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NASA NEEMO 10 Topside Team Mission Day 5: Wednesday, July 26th, 2006 Mission: Saturation

Status Report From: NEEMO
Posted: Tuesday, August 1, 2006

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Last night was a time for new life on the reef, as clouds of plankton, brine shrimp and fish eggs rained down in front of the viewports all evening. The microscopic creatures were fascinating. Tiny shapes of shrimp, guppies, and crabs floated and lightly oscillated with the waves above.

Occasionally a small jelly fish would join the cloud, or a fish would swim by with its mouth opened. In the morning, Mark told us that the orange cup corals had spawned also. The habitat is covered with an orange coating that looks like a dry sponge. At night, however, it comes alive in stalks of orange feathers of coral that coat the habitat like a cushion.

The aquanauts took advantage of an extra hour of sleep and then got ready for their last dive of the mission. For K2 and Drew, it was also the longest at four hours. The dive started a little late because of helmet communications problems, but the divers made up the time. The first half of the dive consisted of the Exploration Planning and Operations Center (ExPOC) giving directions to the divers to find a simulated cargo ship that had crashed on the moon. The simulated cargo ships were actually two transponders that had been placed the day before. The divers tried two of the moon configurations of the potable life support system (PLSS) mockup suit during the exercise, and rated their performance during each excursion. A simple exercise like falling to your knees once can tell you one thing about a suit, but hiking around in it for an hour, dashing back and forth to tend wayward umbilicals, and using it while your mind is on something else can tell you something completely different. Although it was nowhere close to the sheer strength challenge of the Mars suit, exercising in the moon suit took a bit of effort and stamina.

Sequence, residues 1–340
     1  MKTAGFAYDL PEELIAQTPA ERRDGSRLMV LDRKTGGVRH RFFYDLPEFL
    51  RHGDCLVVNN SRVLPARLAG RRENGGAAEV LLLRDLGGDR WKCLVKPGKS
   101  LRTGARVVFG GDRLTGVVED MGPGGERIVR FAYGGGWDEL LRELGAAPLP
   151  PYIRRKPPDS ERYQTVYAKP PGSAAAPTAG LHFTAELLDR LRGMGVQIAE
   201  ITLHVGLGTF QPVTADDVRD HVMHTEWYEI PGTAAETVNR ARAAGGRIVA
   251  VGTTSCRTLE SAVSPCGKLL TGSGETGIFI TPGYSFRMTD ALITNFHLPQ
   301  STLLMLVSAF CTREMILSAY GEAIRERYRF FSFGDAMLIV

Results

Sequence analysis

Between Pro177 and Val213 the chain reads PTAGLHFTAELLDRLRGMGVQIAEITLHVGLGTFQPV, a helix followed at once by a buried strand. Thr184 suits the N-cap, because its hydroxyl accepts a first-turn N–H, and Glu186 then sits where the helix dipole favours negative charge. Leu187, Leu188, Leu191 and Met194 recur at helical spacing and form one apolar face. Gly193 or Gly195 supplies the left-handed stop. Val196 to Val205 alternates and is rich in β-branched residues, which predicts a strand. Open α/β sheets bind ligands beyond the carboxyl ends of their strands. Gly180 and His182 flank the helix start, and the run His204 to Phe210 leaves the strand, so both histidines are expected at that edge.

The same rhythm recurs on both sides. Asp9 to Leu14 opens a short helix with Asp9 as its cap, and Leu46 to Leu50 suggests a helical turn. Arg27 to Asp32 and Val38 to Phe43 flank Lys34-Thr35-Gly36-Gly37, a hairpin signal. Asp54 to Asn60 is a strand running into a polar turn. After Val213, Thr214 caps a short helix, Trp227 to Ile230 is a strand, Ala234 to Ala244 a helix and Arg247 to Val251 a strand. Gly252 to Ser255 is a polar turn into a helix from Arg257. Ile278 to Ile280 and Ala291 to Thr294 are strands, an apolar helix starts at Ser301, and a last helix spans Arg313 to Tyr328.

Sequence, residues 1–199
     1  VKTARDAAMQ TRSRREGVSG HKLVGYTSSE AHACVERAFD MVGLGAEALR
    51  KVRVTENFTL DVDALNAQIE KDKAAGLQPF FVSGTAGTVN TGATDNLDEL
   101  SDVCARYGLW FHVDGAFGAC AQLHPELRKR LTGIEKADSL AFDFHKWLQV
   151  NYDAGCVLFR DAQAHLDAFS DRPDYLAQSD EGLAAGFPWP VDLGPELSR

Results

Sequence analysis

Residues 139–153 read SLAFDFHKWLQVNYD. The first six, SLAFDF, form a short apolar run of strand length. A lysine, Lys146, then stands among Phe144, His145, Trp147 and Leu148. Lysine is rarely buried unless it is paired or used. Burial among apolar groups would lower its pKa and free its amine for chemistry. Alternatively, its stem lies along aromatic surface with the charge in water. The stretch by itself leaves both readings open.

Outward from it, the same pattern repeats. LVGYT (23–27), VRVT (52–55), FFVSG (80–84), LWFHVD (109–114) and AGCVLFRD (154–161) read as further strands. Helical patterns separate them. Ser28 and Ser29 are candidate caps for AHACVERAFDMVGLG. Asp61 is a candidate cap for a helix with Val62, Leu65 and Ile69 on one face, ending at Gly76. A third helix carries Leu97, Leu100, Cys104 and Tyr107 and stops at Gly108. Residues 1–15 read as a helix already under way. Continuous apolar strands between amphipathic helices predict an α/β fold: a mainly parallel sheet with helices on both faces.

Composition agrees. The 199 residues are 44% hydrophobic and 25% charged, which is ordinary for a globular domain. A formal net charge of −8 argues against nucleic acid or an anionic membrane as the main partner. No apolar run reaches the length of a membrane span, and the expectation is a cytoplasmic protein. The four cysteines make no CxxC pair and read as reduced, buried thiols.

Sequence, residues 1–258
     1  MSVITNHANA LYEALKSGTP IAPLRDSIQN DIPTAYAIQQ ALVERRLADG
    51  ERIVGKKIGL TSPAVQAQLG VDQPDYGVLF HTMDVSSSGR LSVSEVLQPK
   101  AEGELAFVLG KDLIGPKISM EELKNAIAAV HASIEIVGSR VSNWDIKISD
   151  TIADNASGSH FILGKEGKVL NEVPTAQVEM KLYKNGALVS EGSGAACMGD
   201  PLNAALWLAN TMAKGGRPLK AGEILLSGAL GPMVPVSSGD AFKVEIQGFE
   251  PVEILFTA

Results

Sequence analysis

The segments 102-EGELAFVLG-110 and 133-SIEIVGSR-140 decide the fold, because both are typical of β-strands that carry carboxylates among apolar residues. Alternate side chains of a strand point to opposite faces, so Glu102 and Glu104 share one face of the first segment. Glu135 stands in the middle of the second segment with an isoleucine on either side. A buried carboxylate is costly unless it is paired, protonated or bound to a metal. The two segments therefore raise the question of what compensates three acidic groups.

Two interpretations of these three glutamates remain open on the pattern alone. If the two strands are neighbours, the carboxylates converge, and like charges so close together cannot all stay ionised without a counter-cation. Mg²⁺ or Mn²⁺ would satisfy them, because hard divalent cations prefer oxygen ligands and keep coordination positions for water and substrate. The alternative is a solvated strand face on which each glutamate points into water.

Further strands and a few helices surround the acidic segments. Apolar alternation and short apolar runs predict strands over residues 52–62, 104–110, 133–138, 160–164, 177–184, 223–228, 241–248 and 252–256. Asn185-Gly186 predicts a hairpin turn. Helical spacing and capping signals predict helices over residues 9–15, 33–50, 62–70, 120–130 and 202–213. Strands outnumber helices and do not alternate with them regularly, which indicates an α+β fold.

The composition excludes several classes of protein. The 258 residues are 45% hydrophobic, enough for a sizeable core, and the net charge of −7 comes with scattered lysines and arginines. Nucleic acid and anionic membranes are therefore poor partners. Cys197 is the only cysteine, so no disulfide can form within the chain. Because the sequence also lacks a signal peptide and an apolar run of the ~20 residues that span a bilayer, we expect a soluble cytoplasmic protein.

The second part of the EVA (or extravehicular activity) consisted of repeating the task loop while weighted in the MK12 coverall suits. It was good not to be encumbered with a shoulder-mounted weight belt, but both divers were pretty spent by the time they completed the course six times. In general, all tasks except shoveling were easier with lighter weight. The final course was done with only ten pounds of weight, and both Drew and K2 took advantage of the weightlessness to try bounding and flying around the work area.

In the afternoon, Karen and Koichi completed the survey part of Scenario 1 on their final dive of the mission. They returned to ten of the reefs that the other team (K2 and Drew) had marked on Mission Day 3, and conducted more descriptive analysis of them, and then mapped most of the rest of the work area.

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